Salem Mortg. Co., In re

Decision Date11 February 1986
Docket NumberNo. 84-1539,84-1539
Citation783 F.2d 626
Parties14 Collier Bankr.Cas.2d 202, 14 Bankr.Ct.Dec. 244 In re SALEM MORTGAGE COMPANY, et al., Debtors. Frank J. KELLEY, Plaintiff-Appellant, Salem Mortgage Co., et al., Defendants, Salem Mortgage Company, Fidelity Fund, Inc., Fidelity Securities Corporation, Nationwide Mortgage Company, Mutual Mortgage Company, Thomas J. Barrow, Trustee in Bankruptcy, Antonio Foglia, Ernest Pippin and Toni K. Scherschun, Defendants-Appellants, v. Bruce NODINE, Donald Brown, Marion Reddick, Winfrel and Magnolia Peterson, Amy Stevens, Sadie Soto, Cassandra Debonville, Harry Johnson, Richard Androvic, Gilbert Tucker, Mary Bankston, Ethel Jeffries and Irene and Virginia Puspustelak, Plaintiffs-Objectors/Appellees, Frances Kukowski, B & B Machining Retirement Trust, Bernard and Donna Bowman, Clawson Tool Profit Sharing Trust, Feg Gage Pension Trust, Wilbur and Carolyn Humphries, Mandeco Design Service Profit Sharing Trust, Fred or Betty McMurray, George and Betty Ofiara, James and Joan Thiesen, Elizabeth Thurwachter, Angelo or Mary Ann Timonte, Dr. Bruce Troutman Pension and Profit Sharing Trust, Two Plus Three Plus Four, and Varney Trucking Company Profit Sharing Trust, Defendants-Intervenors.
CourtU.S. Court of Appeals — Sixth Circuit

Frank J. Kelley, Atty. Gen. of Mich., Luis F. Fernandez (argued), Frederick H. Hoffecker, Robert S. Hertzberg, Lansing, Mich., for Frank J. Kelley.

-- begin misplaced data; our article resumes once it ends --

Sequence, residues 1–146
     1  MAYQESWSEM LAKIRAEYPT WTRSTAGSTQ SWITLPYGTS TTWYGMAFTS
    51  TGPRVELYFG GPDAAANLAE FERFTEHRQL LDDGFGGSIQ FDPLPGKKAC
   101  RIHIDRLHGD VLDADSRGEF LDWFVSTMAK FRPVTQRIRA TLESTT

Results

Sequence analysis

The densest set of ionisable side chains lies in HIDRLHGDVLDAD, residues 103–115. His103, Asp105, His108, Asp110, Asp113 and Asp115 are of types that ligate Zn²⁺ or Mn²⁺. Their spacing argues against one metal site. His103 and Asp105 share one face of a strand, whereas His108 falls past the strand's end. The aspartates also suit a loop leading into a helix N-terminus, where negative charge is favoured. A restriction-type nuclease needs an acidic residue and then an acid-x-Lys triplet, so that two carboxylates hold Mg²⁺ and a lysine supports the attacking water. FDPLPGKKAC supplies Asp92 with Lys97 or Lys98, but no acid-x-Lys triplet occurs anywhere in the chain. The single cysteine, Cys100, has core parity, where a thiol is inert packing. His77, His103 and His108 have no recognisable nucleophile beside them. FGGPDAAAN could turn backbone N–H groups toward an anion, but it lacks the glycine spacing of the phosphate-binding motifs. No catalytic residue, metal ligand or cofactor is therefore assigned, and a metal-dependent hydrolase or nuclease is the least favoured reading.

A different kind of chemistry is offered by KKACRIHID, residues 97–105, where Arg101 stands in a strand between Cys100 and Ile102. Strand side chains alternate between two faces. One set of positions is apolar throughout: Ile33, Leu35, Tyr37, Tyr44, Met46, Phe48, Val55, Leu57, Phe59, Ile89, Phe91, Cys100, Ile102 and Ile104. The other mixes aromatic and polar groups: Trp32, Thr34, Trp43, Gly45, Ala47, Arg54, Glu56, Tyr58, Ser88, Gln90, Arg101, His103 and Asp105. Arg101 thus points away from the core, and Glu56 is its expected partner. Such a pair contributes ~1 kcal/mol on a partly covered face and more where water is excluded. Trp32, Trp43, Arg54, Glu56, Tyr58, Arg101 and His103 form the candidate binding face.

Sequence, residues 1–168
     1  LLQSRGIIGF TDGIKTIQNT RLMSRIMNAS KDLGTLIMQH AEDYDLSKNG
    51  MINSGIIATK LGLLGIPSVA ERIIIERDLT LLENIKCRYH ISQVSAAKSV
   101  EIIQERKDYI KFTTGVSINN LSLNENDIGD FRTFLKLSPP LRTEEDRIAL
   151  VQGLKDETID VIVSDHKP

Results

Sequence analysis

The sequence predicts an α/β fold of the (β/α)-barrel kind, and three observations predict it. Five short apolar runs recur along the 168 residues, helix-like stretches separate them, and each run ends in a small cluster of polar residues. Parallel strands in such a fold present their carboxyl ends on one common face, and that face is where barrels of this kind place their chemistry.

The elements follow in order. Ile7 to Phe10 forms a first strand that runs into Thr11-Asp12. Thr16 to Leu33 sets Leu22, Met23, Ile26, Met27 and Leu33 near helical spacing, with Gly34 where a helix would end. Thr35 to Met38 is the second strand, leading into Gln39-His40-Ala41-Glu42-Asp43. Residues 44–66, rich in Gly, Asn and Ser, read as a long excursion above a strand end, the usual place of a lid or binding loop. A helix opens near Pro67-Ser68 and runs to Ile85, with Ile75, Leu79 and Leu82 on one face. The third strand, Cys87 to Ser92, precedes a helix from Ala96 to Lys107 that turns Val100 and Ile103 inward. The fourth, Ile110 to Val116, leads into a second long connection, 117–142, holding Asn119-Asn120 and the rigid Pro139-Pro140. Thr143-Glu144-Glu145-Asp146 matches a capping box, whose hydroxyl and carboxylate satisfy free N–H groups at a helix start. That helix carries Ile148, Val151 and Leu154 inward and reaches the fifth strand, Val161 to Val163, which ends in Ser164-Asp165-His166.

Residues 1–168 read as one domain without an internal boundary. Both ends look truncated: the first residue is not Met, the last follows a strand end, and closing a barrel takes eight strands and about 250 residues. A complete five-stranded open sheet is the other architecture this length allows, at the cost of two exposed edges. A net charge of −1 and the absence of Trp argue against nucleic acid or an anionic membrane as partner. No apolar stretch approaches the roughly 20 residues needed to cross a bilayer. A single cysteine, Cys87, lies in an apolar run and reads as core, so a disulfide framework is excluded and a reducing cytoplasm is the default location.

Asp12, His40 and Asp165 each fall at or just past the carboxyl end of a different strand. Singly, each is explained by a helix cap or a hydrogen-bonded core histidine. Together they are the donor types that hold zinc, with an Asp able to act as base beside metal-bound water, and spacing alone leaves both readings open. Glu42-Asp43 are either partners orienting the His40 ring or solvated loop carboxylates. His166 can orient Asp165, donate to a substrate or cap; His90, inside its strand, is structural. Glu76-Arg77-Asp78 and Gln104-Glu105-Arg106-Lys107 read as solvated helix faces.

John A. Anderson, John B. Kemp (argued), James Steffel, Birmingham, Mich., for Barrow.

Clark D. Cunningham (argued) Mich. Legal Services, Detroit, Mich., for Virginia Pustelak, Irene Pustelak, Sadie Soto, Winfrel Peterson and Magnolia Peterson.

Irwin M. Alterman, Southfield, Mich., for Salem Mortg. Co., Mut. Mortg. Co., Fidelity Fund, Inc. and Fidelity Securities Corp.

Arnold S. Schafer, Robert Hertzberg (argued), Birmingham, Mich., for defendants-appellants.

Mark Magidson, Detroit, Mich., for Bangston, Conklin, Johnson, Tucker, Soto, Debonville and Androvic.

James A. Keedy, Legal Services of Southeastern Mich., Jackson, Mich., Michael Chielens, Legal Aid of Western Mich., Grand Rapids, Mich., William Coash, Legal Services of Southcentral Mich., Battle Creek, Mich., for plaintiff-objectors/appellees.

L. Nicholas Treinen, James R. Porritt, Jr., Parenti & Treinen, Lake Orion, Mich., for defendants-intervenors.

Before MARTIN and WELLFORD, Circuit Judges; and EDWARDS, Senior Circuit Judge.

BOYCE F. MARTIN, Jr., Circuit Judge.

This case presents the question of the extent of the district court's bankruptcy jurisdiction under 28 U.S.C. Sec. 1471(b) 1 over civil proceedings "related to cases under title 11." 2 Although section 1471 was effectively repealed by the Bankruptcy Amendments and Federal Judgeship Act of 1984, 3 the "related to" jurisdictional grant to district courts is continued in the current version of 28 U.S.C. Sec. 1334(b). 4 The district court below held that this adversary proceeding was beyond the "related to" jurisdiction of the district court and dismissed the case. We hold that the district court had jurisdiction and therefore reverse.